New research suggests that exposure to cigarette smoke could make some methicillin-resistant Staphylococcus aureus (MRSA) bacterial strains more resistant to antibiotics. The findings were published in the journal Scientific Reports.
Researchers from the University of Bath, Imperial College London and the University of Oxford in collaboration with Spanish researchers conducted a series of in vitro experiments to investigate the effects of cigarette smoke exposure on six reference strains of MRSA.
The strains showed variable responses to smoke exposure, but certain strains including those known to cause invasive infections exhibited increased resistance to the antibiotic rifampicin. Exposure to cigarette smoke was also found to increase their invasiveness and persistence. It is likely that resistance of these strains to other antibiotics may also be affected. The authors believe these changes could lead to the emergence of 'Small Colony Variants' that are highly adhesive, invasive and persistent colonies associated with chronic infections in smokers.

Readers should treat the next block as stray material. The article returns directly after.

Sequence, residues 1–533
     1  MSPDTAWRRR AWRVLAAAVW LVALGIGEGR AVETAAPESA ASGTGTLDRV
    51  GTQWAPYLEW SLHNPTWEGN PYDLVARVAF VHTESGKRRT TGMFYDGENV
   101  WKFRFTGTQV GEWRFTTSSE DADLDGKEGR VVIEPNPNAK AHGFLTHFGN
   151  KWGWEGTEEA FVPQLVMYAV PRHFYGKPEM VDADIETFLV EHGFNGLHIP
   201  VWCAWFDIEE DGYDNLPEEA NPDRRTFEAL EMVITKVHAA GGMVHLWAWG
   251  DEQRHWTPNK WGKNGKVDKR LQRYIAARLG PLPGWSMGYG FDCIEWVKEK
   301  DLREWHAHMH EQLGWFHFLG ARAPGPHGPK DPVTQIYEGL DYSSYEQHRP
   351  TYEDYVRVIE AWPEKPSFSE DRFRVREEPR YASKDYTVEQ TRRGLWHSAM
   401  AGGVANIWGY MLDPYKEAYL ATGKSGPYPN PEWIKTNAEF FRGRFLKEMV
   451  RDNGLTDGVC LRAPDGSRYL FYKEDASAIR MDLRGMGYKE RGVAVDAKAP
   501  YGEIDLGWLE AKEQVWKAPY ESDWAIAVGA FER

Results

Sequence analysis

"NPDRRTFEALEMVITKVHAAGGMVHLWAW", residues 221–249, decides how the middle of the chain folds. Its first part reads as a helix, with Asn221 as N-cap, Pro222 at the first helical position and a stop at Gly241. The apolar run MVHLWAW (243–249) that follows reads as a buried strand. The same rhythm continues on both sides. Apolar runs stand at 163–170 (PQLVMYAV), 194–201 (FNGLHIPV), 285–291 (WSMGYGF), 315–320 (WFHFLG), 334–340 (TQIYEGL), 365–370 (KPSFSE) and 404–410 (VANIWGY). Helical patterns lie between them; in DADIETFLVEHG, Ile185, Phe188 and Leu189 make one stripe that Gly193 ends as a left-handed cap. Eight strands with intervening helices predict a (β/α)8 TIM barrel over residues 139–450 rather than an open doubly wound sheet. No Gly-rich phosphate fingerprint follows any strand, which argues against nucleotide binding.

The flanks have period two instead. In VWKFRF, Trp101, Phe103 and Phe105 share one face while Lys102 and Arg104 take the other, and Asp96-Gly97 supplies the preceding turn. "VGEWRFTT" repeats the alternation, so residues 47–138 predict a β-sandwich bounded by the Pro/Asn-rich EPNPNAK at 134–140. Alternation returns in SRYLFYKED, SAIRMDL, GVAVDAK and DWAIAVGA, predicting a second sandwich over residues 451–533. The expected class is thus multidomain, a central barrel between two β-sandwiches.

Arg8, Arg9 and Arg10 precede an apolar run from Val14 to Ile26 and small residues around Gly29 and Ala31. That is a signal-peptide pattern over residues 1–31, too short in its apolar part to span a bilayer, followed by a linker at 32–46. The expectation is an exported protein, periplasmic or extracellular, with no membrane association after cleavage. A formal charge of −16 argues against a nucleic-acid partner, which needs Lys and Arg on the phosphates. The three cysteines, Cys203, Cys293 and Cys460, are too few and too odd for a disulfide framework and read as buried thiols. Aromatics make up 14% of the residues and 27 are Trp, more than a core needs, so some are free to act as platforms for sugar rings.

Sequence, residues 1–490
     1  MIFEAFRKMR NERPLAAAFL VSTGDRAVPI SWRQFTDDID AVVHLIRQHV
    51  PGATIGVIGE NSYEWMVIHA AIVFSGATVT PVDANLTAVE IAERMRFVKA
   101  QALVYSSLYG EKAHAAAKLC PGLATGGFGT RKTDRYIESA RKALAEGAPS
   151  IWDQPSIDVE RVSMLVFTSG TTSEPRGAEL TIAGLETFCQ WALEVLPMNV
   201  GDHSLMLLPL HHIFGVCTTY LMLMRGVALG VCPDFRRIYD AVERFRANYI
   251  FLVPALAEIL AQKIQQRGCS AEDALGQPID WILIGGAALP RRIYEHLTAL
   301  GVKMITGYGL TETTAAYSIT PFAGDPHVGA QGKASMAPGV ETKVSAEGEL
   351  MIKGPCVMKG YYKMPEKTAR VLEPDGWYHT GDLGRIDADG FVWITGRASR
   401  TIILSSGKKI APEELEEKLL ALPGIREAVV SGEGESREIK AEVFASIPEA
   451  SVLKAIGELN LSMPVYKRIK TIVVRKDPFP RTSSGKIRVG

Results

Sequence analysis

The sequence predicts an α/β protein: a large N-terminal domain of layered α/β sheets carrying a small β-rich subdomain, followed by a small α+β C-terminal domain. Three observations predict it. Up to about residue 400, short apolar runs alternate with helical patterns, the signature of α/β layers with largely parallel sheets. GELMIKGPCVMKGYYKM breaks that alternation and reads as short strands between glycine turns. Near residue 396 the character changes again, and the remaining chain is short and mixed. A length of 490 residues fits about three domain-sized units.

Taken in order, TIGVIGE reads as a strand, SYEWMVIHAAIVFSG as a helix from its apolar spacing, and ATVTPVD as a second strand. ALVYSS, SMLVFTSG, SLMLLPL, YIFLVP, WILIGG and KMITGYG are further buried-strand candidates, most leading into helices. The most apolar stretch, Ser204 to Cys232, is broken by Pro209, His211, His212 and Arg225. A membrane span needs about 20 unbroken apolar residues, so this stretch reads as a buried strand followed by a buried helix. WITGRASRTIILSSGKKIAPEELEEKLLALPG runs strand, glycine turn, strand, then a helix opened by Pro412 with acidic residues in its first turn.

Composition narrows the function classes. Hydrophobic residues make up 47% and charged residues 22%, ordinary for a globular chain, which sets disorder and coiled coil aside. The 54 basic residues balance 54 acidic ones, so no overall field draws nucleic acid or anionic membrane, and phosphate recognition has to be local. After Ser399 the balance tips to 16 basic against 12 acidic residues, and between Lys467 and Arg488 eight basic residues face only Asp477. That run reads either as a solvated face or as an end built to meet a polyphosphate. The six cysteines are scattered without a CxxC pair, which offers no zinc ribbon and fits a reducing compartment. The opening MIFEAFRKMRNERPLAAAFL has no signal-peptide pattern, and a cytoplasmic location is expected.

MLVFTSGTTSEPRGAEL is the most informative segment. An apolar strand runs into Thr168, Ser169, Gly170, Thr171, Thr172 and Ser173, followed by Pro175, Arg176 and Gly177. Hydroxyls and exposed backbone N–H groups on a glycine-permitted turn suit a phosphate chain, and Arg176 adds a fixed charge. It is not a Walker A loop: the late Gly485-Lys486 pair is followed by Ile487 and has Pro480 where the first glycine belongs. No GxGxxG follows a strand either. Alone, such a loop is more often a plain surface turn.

Previous studies believed the higher susceptibility of smokers to infection could be attributed to the detrimental effects of smoke on the immune system; however, this study indicates that cigarette smoke can also affect the DNA and characteristics of pathogenic microorganisms.